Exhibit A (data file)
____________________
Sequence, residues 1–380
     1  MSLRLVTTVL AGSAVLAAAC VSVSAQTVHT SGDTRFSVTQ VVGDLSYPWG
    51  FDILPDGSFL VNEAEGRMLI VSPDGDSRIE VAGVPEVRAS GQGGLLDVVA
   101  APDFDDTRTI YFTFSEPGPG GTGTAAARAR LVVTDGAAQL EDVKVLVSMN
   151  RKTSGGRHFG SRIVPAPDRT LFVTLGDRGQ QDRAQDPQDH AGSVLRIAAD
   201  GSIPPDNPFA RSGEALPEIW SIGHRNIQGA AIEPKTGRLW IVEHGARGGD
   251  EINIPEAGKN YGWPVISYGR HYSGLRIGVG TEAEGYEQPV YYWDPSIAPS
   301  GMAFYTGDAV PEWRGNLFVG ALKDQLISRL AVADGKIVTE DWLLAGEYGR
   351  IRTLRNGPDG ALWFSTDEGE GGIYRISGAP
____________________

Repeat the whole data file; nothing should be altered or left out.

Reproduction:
Sequence, residues 1–380
     1  MSLRLVTTVL AGSAVLAAAC VSVSAQTVHT SGDTRFSVTQ VVGDLSYPWG
    51  FDILPDGSFL VNEAEGRMLI VSPDGDSRIE VAGVPEVRAS GQGGLLDVVA
   101  APDFDDTRTI YFTFSEPGPG GTGTAAARAR LVVTDGAAQL EDVKVLVSMN
   151  RKTSGGRHFG SRIVPAPDRT LFVTLGDRGQ QDRAQDPQDH AGSVLRIAAD
   201  GSIPPDNPFA RSGEALPEIW SIGHRNIQGA AIEPKTGRLW IVEHGARGGD
   251  EINIPEAGKN YGWPVISYGR HYSGLRIGVG TEAEGYEQPV YYWDPSIAPS
   301  GMAFYTGDAV PEWRGNLFVG ALKDQLISRL AVADGKIVTE DWLLAGEYGR
   351  IRTLRNGPDG ALWFSTDEGE GGIYRISGAP